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C - the Programming Language

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A computer screen displaying 'Hello World'.

C is possibly the most versatile and widely-used computer programming language ever created. Obscure and sometimes irritatingly concise, C somehow manages to fulfil the needs of tons of talented programmers who know what they want to say and do not wish to use more words than necessary.

C was created by Dennis Ritchie at Bell Labs in 1969. Ritchie, along with Ken Thompson, was involved in creating the first versions of Unix, a powerful operating system for computers with many revolutionary ideas that would change the face of computing forever. Ritchie wanted a language that would be powerful and expressive enough to enable programmers to express complex, abstract, high-level ideas. At the same time, the language would have to be simple and efficient. Soon enough, almost all of Unix itself and the programs many people would use under Unix, including C itself, would be crafted in C, which would suit the task at hand admirably.

C evolved from a previous language Ritchie had created called B, itself a development from BCPL, created a few years previously by Martin Richards at Cambridge. The jury was out for many years as to whether the successor of C would be called D or P (from BCPL), until Bjarne Stroustrup killed off all debate on the issue with his C++.

Why is C so popular, 30 years after its creation1? One reason is the enduring popularity of the Unix operating system; you have to know C pretty well to be able to do just about anything with Unix, and some variant or derivative of Unix. C compilers tend to be simpler than those for other languages, and in the early days, C compilers quickly appeared for all sorts of computers. In 1989, the American National Standards Institute ratified a C standard for all vendors to follow; this was immediately adopted internationally by the International Standards Organisation and by all major compiler vendors.

However, the popularity of C occurred for reasons far beyond mere pragmatics. On a deeper level, C has an enduring appeal for anybody who likes tinkering with computers. C is easy to learn but difficult to master. It can only be mastered by paying careful attention to detail and by repeatedly trying and playing about with little toy programs. C is also fun to program in once you have mastered it - unlike many other languages, where it is very easy to make a start but soon you find they become very irritating the more you use them. C requires more effort to start with, and has a steep learning curve, but C programmers are generally much more productive than any others - and a few lines of C code can often do the work of many more lines of other languages.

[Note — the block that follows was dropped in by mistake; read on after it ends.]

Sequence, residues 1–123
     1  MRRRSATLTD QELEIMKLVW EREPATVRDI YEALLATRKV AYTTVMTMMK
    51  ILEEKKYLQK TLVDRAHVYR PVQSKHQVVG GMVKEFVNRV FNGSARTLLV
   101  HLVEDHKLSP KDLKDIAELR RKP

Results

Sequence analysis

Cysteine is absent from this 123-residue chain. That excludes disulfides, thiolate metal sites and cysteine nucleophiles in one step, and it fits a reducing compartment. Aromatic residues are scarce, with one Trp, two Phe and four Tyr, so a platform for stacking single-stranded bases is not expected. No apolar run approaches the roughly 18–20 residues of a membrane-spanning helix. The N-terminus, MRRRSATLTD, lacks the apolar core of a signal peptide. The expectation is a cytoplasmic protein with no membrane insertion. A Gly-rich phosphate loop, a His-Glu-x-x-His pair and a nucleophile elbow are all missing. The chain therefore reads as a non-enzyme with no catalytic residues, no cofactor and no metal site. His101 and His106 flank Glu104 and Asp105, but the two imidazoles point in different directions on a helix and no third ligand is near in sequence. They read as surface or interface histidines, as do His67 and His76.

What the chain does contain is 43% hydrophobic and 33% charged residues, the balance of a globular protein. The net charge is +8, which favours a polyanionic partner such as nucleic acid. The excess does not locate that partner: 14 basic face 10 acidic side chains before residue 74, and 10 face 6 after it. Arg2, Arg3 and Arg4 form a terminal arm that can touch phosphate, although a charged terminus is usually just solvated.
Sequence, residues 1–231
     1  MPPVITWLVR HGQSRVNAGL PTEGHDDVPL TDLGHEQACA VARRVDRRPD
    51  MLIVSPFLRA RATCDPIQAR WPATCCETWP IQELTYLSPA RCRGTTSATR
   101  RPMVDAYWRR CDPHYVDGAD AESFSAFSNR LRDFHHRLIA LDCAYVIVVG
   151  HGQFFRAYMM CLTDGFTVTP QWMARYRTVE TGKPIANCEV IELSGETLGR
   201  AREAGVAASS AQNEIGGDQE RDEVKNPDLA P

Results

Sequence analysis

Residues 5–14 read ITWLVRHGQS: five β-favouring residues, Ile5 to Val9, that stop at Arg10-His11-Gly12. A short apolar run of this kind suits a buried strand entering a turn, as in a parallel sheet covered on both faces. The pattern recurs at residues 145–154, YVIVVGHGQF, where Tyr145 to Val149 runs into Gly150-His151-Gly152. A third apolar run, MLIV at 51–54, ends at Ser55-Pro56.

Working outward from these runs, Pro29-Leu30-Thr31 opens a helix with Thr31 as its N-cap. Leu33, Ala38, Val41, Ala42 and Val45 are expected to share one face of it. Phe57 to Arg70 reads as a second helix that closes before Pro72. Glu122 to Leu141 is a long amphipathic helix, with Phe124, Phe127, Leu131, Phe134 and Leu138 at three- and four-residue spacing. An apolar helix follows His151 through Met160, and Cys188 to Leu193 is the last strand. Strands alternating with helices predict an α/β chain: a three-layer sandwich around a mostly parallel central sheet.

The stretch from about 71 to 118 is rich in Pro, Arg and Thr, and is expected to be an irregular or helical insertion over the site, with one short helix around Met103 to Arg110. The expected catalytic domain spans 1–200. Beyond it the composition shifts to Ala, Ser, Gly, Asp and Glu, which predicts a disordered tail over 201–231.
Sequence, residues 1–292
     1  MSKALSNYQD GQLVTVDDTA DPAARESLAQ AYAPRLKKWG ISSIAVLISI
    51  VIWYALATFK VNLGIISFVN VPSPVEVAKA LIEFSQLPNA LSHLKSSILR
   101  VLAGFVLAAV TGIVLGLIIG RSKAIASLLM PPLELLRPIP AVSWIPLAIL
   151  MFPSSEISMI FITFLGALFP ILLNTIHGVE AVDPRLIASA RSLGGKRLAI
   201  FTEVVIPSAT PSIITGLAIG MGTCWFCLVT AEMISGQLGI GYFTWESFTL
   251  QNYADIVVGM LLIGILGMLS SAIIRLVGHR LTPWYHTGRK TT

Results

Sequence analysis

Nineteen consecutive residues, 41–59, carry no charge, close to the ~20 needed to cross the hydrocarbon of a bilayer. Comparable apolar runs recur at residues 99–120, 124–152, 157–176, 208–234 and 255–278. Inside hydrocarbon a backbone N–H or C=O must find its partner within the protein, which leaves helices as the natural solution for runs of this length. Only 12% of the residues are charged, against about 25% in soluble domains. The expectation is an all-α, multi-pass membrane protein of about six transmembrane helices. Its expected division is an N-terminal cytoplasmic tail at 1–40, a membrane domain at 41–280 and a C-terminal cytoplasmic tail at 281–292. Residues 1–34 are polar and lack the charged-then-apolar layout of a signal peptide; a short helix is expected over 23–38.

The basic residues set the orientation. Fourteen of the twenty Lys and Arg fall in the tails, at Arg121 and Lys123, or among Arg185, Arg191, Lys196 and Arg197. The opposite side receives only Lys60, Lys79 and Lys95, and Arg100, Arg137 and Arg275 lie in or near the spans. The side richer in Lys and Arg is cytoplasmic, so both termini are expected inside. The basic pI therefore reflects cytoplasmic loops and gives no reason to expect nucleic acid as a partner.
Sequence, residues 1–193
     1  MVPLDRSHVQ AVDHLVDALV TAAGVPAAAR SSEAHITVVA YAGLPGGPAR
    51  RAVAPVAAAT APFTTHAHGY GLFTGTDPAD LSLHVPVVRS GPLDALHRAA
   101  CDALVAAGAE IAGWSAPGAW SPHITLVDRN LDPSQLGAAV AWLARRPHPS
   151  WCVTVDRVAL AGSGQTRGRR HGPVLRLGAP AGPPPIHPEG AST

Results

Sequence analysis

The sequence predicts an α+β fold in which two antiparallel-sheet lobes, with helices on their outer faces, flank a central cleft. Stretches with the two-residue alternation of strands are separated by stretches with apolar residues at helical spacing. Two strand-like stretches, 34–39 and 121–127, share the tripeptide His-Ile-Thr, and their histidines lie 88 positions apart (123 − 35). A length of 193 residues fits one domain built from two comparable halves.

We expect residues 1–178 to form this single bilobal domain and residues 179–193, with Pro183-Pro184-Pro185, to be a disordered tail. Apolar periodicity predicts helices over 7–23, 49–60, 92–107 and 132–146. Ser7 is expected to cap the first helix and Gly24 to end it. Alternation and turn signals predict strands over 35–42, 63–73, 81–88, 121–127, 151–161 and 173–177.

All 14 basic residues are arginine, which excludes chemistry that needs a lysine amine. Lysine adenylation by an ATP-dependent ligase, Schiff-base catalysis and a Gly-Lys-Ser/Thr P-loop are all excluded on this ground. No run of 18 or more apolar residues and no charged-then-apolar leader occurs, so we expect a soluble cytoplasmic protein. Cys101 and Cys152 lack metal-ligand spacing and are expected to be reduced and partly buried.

It is important to note that although ANSI maintains a standard for C, all compilers need to provide more functionality than just that of the standard. The reason for this is that you can't program effectively using just standard ANSI C. One must use system-based extensions. And so, people all over the world use extensions - Win32 API, POSIX extensions, BSD socket functions, and stuff like that. The upshot is that, although C was intended to be portable, it isn't when extensions aren't incorporated.

It is also true that C is not really appropriate for large-scale programming. C becomes unwieldy when programs are large; it is partly for this reason that C++ was invented. C++ allows a programmer to use object-orientation as an abstraction tool, but still retains almost all of C as a subset. More recently, Java has also moved into this field. But C still remains strong - and is still eminently suitable for numerous programming tasks. Any time you really need speed and efficiency coupled with maintainability, C is usually a good choice.

A very widely-used compiler for C forms one component of the excellent, and free, GNU Compiler Collection2. Of course, it's also written in C.

1Noting that 30 years is a very long time in a field as rapidly developing as computing.2GCC was formerly the GNU C compiler, but is now wider in scope.

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